Our national boast is a beautiful one. Here in this republic of the new world, we are perhaps one of the earliest examples of a truly cosmopolitan nation.
We’ve co-existed relatively peacefully for centuries, and over time, I’d say we have assimilated far more than we’ve rejected. And we are happy to project that as an identity—multi everything; we have heritage fuh so; they can’t touch we for that.
As with our Caribbean community, we share commonalities, but we have distinctive traits that make us recognisable wherever we are. Flair, joie de vivre, natural pizzazz; a large dollop of pappyshow and braggadocio; food that is full of flavour and innovation; infectious music; a measure of creativity that is disproportionately high per capita; arresting faces redolent of long years of intermingling.
So how did we accumulate this extraordinary commingling? I think we have lost the thread of that thought.
We forget ourselves so often—scuttling memories of where we’ve come from whenever it seems convenient.
We are a nation of immigrants. The indigenous people, whose lives were pushed into a shameful periphery by marauding conquistadors wearing the shameless livery of imperial masters, are the only ones who did not arrive and settle in these parts.
All of us who claim our place here with pride—but only a shadowy patriotism—all of us have ancestral lines that are foreign. Whether we came seeking fortunes or were brought as slaves and indentured labourers, we found this space and made it our homes.
Throughout hardship and exploitation, through travails and perseverance, wit and determination, we forged bonds with each other; bonds that have pressed us together and distilled something unique.
Think about it, the most visible manifestation of that lies in our food. What are the cultural roots of our cuisine?
Whatever the disgraceful actions of the colonisers—the English, the French, the Spanish, the Dutch—they brought their customs. We have been profoundly influenced by the cultures of Africa, India, Portugal, China, South America; you name a place in the world and there is sure to be some substantial connection with Trinidad and Tobago.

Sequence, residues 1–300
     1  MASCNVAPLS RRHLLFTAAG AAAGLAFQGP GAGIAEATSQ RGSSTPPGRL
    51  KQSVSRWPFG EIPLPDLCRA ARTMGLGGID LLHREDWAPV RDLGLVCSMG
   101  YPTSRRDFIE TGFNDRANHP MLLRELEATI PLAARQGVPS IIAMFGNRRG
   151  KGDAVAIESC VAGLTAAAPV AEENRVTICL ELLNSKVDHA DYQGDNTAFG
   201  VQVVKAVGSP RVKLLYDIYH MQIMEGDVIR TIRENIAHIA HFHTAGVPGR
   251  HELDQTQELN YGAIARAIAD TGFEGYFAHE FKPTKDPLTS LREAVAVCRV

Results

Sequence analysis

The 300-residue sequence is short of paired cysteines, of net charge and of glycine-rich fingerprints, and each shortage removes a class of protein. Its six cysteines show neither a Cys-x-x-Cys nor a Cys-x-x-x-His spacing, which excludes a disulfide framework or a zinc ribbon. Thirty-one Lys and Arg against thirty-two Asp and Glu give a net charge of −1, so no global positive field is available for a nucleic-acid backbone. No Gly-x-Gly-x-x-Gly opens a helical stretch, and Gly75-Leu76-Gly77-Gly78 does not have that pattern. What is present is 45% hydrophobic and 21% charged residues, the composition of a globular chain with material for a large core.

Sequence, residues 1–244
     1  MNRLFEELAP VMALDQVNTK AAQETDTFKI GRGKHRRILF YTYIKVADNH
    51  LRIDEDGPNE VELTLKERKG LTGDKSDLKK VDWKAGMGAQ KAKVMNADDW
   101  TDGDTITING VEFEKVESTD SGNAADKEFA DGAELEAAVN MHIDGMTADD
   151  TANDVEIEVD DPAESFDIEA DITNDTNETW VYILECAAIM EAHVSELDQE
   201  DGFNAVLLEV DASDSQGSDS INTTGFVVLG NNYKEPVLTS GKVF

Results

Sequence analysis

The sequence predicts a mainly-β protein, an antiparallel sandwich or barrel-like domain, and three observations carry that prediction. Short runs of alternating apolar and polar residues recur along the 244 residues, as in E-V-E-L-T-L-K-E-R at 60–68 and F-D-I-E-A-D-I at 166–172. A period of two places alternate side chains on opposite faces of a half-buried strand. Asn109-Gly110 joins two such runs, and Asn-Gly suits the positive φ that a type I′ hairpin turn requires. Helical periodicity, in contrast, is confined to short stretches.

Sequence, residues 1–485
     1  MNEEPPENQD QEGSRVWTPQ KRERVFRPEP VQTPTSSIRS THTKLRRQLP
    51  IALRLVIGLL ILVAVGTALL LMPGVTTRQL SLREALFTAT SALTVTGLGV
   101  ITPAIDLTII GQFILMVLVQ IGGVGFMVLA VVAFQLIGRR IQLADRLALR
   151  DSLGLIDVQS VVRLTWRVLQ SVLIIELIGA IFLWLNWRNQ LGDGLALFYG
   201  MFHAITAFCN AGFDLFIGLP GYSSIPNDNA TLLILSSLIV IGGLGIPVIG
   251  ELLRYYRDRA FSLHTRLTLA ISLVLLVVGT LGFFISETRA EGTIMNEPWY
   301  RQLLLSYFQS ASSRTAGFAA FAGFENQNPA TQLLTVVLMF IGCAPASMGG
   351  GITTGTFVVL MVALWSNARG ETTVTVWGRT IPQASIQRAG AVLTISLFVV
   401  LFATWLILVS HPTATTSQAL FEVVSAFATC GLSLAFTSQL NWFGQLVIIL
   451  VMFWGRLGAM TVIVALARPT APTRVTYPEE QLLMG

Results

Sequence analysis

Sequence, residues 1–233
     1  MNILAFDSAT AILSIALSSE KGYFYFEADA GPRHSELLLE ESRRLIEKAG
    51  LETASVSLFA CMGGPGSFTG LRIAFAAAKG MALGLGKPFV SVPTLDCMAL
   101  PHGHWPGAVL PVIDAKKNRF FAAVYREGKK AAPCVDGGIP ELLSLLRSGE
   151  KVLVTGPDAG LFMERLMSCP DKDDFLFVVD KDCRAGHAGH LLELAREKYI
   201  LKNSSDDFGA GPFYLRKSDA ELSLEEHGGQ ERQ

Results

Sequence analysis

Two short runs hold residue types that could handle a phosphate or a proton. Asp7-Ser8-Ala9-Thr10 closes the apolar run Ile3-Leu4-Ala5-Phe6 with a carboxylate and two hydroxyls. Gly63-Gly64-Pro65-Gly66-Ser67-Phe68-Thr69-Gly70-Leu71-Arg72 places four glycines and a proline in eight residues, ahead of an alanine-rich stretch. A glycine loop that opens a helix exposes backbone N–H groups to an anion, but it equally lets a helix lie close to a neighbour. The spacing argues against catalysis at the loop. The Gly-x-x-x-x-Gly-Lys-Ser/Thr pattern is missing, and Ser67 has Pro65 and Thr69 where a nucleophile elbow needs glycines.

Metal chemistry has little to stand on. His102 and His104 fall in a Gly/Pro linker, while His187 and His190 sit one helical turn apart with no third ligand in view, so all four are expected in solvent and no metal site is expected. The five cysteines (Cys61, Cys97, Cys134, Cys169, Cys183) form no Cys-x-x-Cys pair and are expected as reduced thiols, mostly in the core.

Those ancestral droplets have seeped into our DNA and they have fed us, nurtured our evolution into a people with a wildly interesting shape and an often unconventional perspective of the world.
I am aware that I am using superlatives that might seem unrealistic and hyperbolic, but it is because I believe that we can get so bogged down in the dreariness and the routine of lives that seem barricaded by the petty concerns of those polluting our mind space, that we forget to take stock of ourselves.
We are more than that, and if we often seem to be drowning in our sea of amnesia, then we need to remind ourselves of our heritage. And particularly in these unwieldy times, we could pause and reflect on these matters so we don’t fall into the unseemly abyss of discriminatory behaviour.
These days we are making all kinds of mean-spirited pronouncements on the influx of our Venezuelan neighbours. I have been disgusted by the selfish and callous responses to the idea of allowing these children to participate in our admittedly deficient education system.
How could anyone think there is something to be gained by denying a child the opportunity to learn, to prepare for adulthood and its multitude of demands?
Have we not learned from our not so distant past experience with the fallout from the junior and senior secondary schools where the shift system left children at impressionable ages largely unsupervised and in unstructured environments for large swathes of the day?
Enough time has passed that the first wave of those students have long entered adulthood and their struggles are real, overwhelming and seemingly insurmountable.
In this world of legal and illegal immigrants, societies feel threatened mostly by the prospect of their livelihoods being taken away. The unconscionable will always see their precarious existences as an opportunity for exploitation.
We want them to work without reasonable compensation, with no benefits, no compassion. We abuse them sexually and physically; we become the same kind of predators who defined our own early beginnings in this place.
The Chinese have been subjected to the same kind of treatment. But we do not object to patronising their restaurants and supermarkets, which are now far more commonplace than before. And again, it is the arrival of cuisines that bring added textures to our culture.
Empanadas and arepas bring us joy and we easily adjust to adding them to our favourites. All these foods that have made their way here and brought us such gastronomic delights—pepperpot, jerk meats and festival, oildown and coocoo, chow mein, crispy skin pork, curry goat and buss up shut, doubles, pelau—I could never cover the whole gamut (though I want to do a book on our culinary ancestry).
My point is simple. We were able to rise above the monotony of a monotone culture precisely because we were infused with the aromas and customs of several diverse ones.
The world is what it is today because that movement of people has suffused every space with differences. We have had more experience with that than most, and by now we should know its value.
Yet, despite this background when we still behave like bigots, I have to wonder, is this the nature of humankind?